Progesterone Changes in Perimenopause

Apr 01, 2024
The words Progesterone and Perimenopause along with TārāMD Icon in shades of pink.
Progesterone changes in perimenopause affect women profoundly. Understanding its decline is crucial for managing symptoms and maintaining well-being.

In perimenopause, estrogen gets a lot of attention. Its wild fluctuations and eventual decline are responsible for many uncomfortable symptoms. However, progesterone is equally important. For many women, progesterone decline contributes to the first perimenopause changes, even before you experience changes in estrogen levels.

We live in an exciting time, with more information and research on perimenopause than ever before. The conversation is coming to the forefront, and women need trusted information, resources, and solutions to navigate health in midlife.

We can’t talk about perimenopause without a deep understanding of the progesterone hormone, and that’s exactly what today’s article will do. Keep reading to learn more about:

  • What is progesterone?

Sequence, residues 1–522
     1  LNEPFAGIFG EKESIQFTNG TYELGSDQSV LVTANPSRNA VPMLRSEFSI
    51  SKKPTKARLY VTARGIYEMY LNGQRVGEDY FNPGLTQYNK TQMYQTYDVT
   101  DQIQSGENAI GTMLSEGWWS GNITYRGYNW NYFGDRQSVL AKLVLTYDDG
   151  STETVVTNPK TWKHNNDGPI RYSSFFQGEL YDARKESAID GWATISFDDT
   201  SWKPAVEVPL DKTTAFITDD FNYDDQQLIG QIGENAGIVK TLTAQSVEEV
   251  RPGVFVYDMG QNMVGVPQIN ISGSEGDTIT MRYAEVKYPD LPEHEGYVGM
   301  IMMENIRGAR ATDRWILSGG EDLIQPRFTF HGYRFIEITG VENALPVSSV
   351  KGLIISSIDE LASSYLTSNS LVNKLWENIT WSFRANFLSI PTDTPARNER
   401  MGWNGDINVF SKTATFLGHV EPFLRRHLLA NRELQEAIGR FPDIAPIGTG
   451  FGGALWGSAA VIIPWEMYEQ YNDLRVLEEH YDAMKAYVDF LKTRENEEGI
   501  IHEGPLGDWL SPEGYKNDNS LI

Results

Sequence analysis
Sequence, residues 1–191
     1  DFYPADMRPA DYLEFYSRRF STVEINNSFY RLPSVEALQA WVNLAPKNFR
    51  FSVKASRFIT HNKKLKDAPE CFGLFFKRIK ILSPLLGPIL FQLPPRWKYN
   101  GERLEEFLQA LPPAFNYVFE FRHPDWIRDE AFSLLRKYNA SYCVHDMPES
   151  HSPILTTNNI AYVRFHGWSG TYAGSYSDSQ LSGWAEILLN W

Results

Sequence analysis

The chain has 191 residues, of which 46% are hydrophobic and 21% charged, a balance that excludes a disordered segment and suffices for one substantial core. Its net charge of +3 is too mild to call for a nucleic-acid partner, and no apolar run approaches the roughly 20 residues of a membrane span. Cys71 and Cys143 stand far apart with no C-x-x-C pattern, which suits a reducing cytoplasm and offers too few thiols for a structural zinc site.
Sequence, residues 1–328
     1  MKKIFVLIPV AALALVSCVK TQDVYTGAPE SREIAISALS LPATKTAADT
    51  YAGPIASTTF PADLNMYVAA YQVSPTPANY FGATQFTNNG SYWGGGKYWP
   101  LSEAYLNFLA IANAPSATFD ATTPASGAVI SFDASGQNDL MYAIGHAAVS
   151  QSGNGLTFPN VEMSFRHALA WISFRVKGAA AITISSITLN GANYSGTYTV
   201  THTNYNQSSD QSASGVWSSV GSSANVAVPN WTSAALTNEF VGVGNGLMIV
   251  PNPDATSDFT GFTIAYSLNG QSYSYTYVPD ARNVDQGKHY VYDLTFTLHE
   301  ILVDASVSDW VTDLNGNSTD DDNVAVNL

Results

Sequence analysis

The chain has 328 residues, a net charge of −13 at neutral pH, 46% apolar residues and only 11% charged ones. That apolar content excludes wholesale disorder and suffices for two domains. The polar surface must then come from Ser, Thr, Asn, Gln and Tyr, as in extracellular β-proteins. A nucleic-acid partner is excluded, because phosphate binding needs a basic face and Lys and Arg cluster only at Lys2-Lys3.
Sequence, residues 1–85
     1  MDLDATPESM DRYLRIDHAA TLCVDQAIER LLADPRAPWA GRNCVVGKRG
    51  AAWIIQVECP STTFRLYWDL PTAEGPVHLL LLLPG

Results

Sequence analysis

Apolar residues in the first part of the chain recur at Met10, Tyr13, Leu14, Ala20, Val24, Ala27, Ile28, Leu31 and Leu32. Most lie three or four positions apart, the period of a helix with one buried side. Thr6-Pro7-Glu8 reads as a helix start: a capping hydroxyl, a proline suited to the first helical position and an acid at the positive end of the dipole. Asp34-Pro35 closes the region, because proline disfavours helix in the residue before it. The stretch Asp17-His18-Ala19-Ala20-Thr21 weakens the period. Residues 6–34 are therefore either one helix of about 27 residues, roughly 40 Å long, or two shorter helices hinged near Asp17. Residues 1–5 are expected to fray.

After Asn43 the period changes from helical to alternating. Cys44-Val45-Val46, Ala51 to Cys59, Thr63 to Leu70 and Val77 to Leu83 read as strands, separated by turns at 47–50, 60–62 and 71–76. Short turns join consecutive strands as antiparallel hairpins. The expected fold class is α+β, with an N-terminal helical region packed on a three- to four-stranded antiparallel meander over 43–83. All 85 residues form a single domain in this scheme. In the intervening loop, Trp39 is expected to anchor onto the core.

• Progesterone benefits
  • Progesterone decline in perimenopause
  • Low progesterone symptoms
  • Progesterone support for perimenopause

What is Progesterone?

Progesterone is a steroid hormone produced by the ovaries (the corpus luteum) during the second half of the menstrual cycle (the luteal phase). In a healthy menstrual cycle, progesterone rises after ovulation (when the egg is released) to balance estrogen, thicken the uterine lining, and prepare the uterus for pregnancy. Without ovulation, there is no progesterone.

When implantation doesn’t occur, progesterone levels fall, and your period comes. If pregnancy occurs, the corpus luteum increases and maintains progesterone production for the first 10 weeks. Then, the placenta takes over progesterone duties.